co-defendants, " V. Answer ¶ 18, based "not...
on convictions alone, " but also on other past behavior
and current behavior as a parolee, V. Pet. Ex. G, as long as
the designation and associated conditions imposed on his
parole are rationally related to his conduct and chances of
recidivism. NY Exec. Law § 259-c(2); 9 N.Y.C.R.R. §
8003.3; Williams v. Department of Corr. & Community
Supervision, 136 A.D.3d 147, 159 (1st Dep't 2016);
Williams v. New York State Div. of Parole, 71 A.D.3d
524, 525 (1st Dep't 2010); M.G. v. Travis, 236
A.D.2d 163, 168-69 (1st Dep't 1997); George v. New
York State Dept. of Corr. & Community Supervision,
107 A.D.3d 1370, 1372-73 (2d Dep't 2013). "Simply
because a challenged act is discretionary does not mean it is
unreviewable under CPLR 7803(3)...." Anonymous v.
Commissioner of Health, 21 A.D.3d 841, 843 (1st
Sex Offender Treatment
only conduct to which respondents relate his required
participation in sex offender treatment is his kidnapping of
his victim, which "enabled his co-defendant to rape
her." V. Answer ¶ 21. Respondents do not dispute
that petitioner was neither present nor nearby when his
co-defendant raped her. Respondents do not claim that
petitioner knew his co-defendant would rape his victim or
knew facts that reasonably would have led petitioner to
believe she would be raped. Nonetheless, his kidnapping did
leave her entirely vulnerable to further victimization by his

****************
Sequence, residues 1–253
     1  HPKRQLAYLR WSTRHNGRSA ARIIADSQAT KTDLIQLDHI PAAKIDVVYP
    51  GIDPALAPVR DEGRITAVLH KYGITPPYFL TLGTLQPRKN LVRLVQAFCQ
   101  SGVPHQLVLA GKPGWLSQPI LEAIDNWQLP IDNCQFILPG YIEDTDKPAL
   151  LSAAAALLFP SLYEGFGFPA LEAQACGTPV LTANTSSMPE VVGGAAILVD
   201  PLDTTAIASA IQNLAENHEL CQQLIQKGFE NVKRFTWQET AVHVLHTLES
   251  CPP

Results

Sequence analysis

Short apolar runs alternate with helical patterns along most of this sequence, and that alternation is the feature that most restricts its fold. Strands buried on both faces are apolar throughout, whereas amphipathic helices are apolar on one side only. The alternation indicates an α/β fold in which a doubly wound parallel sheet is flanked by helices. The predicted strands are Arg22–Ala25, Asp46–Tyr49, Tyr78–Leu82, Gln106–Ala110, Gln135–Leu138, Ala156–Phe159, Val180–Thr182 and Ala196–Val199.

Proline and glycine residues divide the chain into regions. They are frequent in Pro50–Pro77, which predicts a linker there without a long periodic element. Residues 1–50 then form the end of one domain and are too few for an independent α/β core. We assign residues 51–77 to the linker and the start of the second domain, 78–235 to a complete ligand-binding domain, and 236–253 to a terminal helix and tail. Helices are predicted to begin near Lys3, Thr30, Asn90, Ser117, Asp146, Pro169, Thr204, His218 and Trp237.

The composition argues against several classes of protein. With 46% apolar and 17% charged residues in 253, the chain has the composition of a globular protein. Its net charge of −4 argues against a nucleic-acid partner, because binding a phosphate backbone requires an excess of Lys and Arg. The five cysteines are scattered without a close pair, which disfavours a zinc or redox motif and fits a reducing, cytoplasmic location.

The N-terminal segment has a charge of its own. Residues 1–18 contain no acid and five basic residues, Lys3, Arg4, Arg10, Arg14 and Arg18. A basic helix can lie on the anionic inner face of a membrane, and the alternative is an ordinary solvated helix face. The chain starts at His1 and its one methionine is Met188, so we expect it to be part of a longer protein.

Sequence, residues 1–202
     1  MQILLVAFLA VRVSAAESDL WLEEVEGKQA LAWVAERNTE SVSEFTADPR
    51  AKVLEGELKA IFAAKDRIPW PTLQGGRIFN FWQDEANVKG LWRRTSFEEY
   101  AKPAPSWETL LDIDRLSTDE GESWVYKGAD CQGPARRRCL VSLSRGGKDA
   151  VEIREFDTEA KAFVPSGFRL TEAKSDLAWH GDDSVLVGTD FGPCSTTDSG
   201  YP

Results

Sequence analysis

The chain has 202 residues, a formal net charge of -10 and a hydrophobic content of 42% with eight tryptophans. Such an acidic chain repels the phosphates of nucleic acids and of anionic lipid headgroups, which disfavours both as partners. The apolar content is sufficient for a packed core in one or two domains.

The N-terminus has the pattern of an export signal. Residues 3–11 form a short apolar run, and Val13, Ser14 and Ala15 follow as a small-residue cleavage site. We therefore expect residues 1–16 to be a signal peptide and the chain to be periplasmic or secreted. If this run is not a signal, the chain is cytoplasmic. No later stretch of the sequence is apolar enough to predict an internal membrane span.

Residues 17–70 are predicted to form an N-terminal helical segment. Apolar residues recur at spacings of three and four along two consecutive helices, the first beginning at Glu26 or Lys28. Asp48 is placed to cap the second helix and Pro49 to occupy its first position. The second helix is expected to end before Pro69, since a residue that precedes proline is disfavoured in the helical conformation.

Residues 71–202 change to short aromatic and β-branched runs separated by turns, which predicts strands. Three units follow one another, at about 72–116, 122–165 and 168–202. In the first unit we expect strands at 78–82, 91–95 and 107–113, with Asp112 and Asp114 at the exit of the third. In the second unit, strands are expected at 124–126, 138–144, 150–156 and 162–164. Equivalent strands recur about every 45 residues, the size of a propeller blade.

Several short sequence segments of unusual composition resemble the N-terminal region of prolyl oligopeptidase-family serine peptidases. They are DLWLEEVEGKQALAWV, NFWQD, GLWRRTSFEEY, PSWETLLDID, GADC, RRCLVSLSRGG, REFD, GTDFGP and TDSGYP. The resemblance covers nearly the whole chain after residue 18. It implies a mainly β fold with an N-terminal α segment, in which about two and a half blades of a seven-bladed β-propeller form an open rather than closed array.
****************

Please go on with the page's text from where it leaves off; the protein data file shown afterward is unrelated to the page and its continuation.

partner in their initial crime.
respondents never explain why, if this conduct over 30 years
before petitioner's parole justified sex offender
treatment as a condition of his parole, the treatment
suddenly was warranted in February 2015, but not between his
release in May 2012 and February 2015, almost three years
later. Respondents do not cite to any conduct by petitioner
during this period indicating his failure to take
responsibility for his actions or his propensity to repeat
his past offense or to commit a sex offense in the future.
his parole, petitioner has maintained a mutually respectful,
supportive, and harmonious marriage and both volunteer and
compensated employment. Shortly after his discharge from
Shiloh Consulting, he voluntarily enrolled in Queens
Counseling for Change July 14, 2015. Respondents present its
Director Menzie's unsworn correspondence dated May 16,
2016, to petitioner's current parole officer who
succeeded respondents Hamilton and Medina, recounting that
petitioner attended four treatment sessions between July 23
and September 1, 2015, but then did not return until January
21, 2016. The program then conveyed to him the expectation
that he was to attend weekly sessions. Although he attended
only nine sessions between January 21 and May 16, 2016,
approximately bi-weekly, the correspondence indicates no
deficiency in his attendance or dissatisfaction with his
participation. The program Director comments positively
regarding petitioner's participation: "appropriate
and cooperative. He has expressed remorse regarding the
circumstances of his Instant Offense."
supplemental unsworn correspondence dated August 7, 2016, to
petitioner's parole ...